The success criteria used in this survey are the success criteria proposed by Van Steenberghe (52).

The success of a plant is when: the implant does not cause allergic reactions locally or systematically infectious or toxic; it provides anchoring functional denture; shows no signs of fracture or bending; shows no mobility when tested for percussion; shows no sign of a radiolucent intraoral radiography using a parallel technique strictly perpendicular to the interface bone-implant. A survivor facility is a facility that remains in the jaw and is stable, even if all the individual success criteria were not met, while a failed system is a system that has been removed.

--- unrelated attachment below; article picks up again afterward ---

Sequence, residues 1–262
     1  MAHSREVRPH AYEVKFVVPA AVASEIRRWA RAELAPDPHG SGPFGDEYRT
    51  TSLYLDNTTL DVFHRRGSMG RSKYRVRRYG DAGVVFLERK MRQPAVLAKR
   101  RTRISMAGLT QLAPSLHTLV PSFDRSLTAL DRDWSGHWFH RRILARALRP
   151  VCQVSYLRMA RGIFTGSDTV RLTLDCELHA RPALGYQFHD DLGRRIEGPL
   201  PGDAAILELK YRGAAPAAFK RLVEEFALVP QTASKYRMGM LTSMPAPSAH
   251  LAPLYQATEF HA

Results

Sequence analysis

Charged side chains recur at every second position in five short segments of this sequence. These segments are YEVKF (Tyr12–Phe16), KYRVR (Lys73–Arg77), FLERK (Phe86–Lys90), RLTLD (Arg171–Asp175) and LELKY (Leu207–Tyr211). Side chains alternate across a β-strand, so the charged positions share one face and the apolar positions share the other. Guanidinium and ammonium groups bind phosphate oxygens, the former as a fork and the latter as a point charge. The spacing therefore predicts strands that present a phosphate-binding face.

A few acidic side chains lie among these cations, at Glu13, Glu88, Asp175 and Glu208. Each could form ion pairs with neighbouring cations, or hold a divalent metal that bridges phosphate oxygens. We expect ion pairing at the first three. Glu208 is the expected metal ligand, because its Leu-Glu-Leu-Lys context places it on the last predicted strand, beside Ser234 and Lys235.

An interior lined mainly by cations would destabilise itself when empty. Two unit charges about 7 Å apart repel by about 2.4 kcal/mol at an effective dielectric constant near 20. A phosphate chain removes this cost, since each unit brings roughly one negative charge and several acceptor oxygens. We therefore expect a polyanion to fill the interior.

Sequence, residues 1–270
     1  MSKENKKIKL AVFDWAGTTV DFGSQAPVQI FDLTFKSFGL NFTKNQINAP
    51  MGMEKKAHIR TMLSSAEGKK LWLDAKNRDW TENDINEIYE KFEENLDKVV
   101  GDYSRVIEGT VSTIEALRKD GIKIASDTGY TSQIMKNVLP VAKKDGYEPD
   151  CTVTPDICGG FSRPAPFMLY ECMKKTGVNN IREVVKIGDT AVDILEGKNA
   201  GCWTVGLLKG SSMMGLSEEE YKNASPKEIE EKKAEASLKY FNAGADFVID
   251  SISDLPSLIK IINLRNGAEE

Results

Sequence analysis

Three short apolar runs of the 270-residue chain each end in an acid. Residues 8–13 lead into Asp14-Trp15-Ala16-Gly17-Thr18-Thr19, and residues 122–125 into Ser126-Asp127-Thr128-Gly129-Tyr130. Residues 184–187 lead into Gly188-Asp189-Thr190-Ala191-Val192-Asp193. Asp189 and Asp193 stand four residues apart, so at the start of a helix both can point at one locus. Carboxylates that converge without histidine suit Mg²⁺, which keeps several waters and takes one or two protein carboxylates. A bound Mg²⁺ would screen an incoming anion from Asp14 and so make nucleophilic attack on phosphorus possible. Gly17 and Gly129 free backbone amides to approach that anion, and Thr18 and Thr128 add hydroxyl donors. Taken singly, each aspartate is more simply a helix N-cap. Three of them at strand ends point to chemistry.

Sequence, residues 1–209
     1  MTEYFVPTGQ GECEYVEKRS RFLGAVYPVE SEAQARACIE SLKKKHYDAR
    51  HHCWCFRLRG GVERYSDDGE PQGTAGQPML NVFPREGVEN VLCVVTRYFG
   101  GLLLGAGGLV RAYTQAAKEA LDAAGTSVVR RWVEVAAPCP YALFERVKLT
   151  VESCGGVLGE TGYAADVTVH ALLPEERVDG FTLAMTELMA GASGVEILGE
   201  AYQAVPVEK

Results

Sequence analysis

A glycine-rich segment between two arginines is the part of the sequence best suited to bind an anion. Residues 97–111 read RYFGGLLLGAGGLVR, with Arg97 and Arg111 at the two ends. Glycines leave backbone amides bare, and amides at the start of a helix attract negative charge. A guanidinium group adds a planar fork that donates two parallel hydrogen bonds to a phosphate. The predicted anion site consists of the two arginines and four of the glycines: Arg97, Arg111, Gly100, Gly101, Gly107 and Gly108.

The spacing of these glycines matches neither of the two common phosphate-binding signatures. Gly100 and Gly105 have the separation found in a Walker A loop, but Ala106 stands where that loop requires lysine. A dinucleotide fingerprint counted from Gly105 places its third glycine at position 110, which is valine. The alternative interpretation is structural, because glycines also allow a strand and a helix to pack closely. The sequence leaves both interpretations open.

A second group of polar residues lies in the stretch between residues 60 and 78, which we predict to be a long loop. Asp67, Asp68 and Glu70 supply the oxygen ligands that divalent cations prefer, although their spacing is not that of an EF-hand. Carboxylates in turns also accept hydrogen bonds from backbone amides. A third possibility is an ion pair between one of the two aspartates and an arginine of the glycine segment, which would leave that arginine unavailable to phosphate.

The marginal bone level changes were revalued annually using the intraoral radiographs taken with a parallel technique. The distance from the edge most coronal implant collar to the point of contact most coronal bone-implant was measured and compared with bone crest level. The values of the radiographic measurements mesial and distal were taken for each facility at the time of implant placement and then annually for a minimum of three years. The Marginal Bone Loss (MBL) for each interval was calculated by subtracting the Bone Crest Level (BCL) recorded at each followup visit by measuring BCL starting. X-rays have been used only orthogonal to record ABH. The increase of available bone [(Increased Height Of The Bone (IBH)] was calculated as the distance between the bone crest and the sign radiopaque more superior to the system, measured along the long axis of the implant (Figure 5).

Figure 5Figure 5
Postoperative periodical radiograph with IBH measurement (IBH = increased bone height).

In order to avoid distortions, bone increase was calculated as the difference between IBH and ABH.